A high-ranking health ministry official told AFP on condition of anonymity that the turnaround comes after the World Bank donated $5 million (4,4 million euros) last month to help Burundi fight the virus.

In May, Burundi — which has increasingly isolated itself in recent years — expelled a team of World Health Organization experts who were supporting the country’s response to the pandemic.

Nkurunziza, who ruled the East Africa nation for 15 often tumultuous years, died suddenly in June aged 55 of what authorities said was heart failure.

However he became ill less than two weeks after his wife had been flown to a Nairobi hospital for treatment for coronavirus, according to a medical document seen by AFP, and speculation is rife he may have caught the virus.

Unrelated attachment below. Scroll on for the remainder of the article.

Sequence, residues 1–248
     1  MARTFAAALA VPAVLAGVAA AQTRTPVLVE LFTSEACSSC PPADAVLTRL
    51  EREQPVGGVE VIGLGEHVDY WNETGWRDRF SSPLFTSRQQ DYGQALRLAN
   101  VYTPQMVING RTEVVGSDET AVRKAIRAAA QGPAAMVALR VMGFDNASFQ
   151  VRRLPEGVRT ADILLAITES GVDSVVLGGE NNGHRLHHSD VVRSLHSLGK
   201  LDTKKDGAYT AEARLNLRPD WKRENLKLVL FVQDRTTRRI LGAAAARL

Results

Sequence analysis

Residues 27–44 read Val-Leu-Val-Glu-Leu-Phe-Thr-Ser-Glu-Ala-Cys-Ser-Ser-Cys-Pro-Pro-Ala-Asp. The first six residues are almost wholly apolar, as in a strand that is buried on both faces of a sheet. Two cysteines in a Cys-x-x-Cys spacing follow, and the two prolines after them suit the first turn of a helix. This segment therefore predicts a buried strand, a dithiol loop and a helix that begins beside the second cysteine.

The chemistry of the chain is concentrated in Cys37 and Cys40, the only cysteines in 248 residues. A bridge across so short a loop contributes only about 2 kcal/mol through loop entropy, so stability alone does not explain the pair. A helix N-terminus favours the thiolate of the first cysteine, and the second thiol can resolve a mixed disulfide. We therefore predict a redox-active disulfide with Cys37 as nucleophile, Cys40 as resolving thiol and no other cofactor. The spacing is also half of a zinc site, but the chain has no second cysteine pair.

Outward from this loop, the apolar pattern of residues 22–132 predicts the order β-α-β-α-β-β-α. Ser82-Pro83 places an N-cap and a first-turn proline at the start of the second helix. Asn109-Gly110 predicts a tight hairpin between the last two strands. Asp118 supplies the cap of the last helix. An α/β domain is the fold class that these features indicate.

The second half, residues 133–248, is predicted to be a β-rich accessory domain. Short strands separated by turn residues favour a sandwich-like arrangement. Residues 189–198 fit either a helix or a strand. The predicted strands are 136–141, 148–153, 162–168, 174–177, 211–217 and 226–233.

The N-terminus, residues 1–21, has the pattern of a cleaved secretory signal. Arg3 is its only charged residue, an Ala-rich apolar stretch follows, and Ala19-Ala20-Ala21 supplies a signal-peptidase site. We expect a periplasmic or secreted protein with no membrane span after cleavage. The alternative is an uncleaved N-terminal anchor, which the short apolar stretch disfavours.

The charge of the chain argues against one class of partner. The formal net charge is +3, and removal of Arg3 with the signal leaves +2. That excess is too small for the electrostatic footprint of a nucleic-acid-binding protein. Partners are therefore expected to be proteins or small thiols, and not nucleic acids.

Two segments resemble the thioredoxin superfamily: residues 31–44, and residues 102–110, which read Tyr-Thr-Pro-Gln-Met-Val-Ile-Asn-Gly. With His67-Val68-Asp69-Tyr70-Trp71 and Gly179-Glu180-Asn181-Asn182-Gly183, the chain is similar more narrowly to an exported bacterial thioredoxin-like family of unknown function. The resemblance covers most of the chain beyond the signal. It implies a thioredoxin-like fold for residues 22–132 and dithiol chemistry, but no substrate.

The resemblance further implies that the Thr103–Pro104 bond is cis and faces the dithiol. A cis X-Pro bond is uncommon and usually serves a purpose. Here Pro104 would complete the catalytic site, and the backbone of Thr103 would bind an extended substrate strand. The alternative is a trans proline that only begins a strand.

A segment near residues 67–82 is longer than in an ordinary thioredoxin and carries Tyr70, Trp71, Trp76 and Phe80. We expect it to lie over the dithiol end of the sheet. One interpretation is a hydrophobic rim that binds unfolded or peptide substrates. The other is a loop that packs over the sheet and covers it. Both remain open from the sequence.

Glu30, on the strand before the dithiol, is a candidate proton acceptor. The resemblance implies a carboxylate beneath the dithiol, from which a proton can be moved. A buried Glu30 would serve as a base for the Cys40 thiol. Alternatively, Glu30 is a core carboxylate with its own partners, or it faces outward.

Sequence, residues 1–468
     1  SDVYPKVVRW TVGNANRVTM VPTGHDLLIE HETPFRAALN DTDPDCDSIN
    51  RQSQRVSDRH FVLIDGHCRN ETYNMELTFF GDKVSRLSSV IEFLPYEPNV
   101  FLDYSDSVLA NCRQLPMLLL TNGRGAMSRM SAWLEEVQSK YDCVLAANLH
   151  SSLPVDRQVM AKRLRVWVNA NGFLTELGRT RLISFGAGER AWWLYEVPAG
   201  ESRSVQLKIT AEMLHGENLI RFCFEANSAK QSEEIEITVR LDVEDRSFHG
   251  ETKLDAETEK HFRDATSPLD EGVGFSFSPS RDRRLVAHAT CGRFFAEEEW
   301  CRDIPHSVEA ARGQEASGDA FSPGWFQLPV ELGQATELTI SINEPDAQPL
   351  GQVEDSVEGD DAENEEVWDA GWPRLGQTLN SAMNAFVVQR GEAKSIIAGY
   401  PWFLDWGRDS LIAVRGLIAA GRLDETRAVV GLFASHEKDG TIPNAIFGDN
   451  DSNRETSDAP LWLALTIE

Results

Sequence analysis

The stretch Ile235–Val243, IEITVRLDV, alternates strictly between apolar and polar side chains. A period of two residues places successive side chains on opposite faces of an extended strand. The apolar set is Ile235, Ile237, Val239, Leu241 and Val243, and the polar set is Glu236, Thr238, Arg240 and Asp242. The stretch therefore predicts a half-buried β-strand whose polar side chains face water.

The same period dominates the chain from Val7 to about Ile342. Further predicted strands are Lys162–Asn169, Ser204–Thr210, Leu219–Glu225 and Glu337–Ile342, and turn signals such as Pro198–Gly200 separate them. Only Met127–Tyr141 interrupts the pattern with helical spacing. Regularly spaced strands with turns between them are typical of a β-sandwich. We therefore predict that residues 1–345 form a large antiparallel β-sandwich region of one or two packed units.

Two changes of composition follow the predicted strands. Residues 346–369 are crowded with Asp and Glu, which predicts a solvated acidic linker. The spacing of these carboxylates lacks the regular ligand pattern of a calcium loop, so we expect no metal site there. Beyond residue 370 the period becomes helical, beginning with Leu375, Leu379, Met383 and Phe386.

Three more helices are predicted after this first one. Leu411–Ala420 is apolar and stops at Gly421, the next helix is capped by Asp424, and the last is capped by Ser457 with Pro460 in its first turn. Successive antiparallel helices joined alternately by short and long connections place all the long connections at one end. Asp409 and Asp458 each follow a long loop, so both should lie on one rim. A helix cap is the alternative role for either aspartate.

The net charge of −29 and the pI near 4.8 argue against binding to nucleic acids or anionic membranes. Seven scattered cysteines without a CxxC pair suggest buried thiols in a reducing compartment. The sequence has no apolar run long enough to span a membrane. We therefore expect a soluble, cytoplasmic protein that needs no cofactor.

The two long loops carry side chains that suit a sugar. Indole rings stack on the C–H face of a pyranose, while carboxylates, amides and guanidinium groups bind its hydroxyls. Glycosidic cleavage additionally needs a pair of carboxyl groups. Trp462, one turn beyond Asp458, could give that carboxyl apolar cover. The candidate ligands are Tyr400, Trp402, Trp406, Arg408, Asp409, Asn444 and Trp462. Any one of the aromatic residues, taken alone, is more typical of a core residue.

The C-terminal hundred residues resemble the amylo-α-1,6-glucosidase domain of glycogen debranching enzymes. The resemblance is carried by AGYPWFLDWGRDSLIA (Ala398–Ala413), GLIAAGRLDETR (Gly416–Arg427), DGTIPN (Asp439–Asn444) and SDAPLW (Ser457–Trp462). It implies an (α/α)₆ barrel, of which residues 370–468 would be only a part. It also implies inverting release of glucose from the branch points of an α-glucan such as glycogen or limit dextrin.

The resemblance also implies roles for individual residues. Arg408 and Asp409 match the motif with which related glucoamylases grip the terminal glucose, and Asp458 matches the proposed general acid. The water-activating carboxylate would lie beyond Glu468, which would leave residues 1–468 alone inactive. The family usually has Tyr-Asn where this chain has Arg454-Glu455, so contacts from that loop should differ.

A medical source told AFP he had suffered “respiratory distress” before dying.

AFP

Former Burundi President To Be Buried In State Funeral

Evariste Ndayishimiye (3rd R), Burundi's elected President from the ruling party, the National Council for the Defense of Democracy - Forces for the Defense of Democracy (CNDD-FDD), walks in front of members of Burundi's army during the swearing-in ceremony at Ingoma stadium in Gitega, Burundi, on June 18, 2020. - Ndayishimiye rapidly sworn in following the sudden death of President Pierre Nkurunziza, aged 55, came after the May election. (Photo by TCHANDROU NITANGA / AFP)
Evariste Ndayishimiye (3rd R), Burundi’s elected President from the ruling party, the National Council for the Defense of Democracy – Forces for the Defense of Democracy (CNDD-FDD), walks in front of members of Burundi’s army during the swearing-in ceremony at Ingoma stadium in Gitega, Burundi, on June 18, 2020. – Ndayishimiye rapidly sworn in following the sudden death of President Pierre Nkurunziza, aged 55, came after the May election. (Photo by TCHANDROU NITANGA / AFP)